EU considers Turkish Cyprus deal

The EU has agreed a new trade policy to soften the 30-year-old embargo on the unrecognised Turkish Republic of Northern Cyprus (TRNC).

    Run-down border crossings may soon witness brisk trade

    Officials in Brussels look set on Thursday to permit goods produced in the TRNC to be sent tax-free across the Green Line to the Greek Cypriot south - which joins the EU on 1 May.

    Goods will then be distributed to the rest of the 25-nation bloc without restrictions or tariffs.

    The proposed deal has to be ratified at a meeting of EU justice and interior ministers in Luxembourg on Thursday.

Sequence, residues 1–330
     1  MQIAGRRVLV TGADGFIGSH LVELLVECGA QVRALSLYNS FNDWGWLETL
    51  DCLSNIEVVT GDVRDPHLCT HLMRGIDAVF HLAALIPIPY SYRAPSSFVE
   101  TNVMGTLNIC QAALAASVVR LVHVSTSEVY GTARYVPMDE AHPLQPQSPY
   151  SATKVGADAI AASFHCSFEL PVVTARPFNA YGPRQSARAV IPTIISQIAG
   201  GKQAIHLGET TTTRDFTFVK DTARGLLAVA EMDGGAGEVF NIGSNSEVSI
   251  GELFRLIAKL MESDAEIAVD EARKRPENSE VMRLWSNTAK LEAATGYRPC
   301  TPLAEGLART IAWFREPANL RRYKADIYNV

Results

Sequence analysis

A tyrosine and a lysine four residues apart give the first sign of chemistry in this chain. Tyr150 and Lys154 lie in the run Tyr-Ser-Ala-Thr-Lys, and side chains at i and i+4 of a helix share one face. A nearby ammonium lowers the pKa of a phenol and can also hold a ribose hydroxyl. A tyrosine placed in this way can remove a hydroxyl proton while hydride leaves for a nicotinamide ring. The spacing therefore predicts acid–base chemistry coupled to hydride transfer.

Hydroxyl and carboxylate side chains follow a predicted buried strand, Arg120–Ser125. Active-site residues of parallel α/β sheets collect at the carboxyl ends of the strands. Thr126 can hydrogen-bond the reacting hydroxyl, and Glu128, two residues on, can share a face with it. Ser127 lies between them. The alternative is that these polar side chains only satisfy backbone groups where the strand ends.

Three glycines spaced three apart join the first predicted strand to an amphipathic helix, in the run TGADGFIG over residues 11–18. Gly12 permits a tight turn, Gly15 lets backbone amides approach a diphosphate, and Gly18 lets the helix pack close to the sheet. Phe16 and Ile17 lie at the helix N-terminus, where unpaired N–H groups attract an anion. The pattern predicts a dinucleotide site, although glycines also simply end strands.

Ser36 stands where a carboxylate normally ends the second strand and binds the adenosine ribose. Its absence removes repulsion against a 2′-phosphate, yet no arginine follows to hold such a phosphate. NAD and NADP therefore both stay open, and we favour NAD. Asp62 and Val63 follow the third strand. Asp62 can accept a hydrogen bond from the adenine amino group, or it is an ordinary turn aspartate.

The decision is likely to be seen as a reward for Turkish Cypriots, who - despite voting last week to back a UN peace plan to reunify the divided island - will remain isolated.

    In contrast, Greek Cypriots overwhelmingly rejected unity in a separate referendum.

    No Greek Cypriot input

    The proposed EU deal will mean that goods genuinely manufactured in northern Cyprus and "economically justified" can be exported tariff-free.

    Trade would be regulated and authorised by the European Commission - not the Greek Cypriots authorities.

    The EU already pledged to release almost €260 million in aid to help end the economic isolation of the breakaway Turkish Cypriot state, which is recognised only by Turkey.

    Cyprus has been divided since 1974, when Turkish troops invaded the north following a Greek-backed coup in Nicosia.

    SOURCE: Agencies


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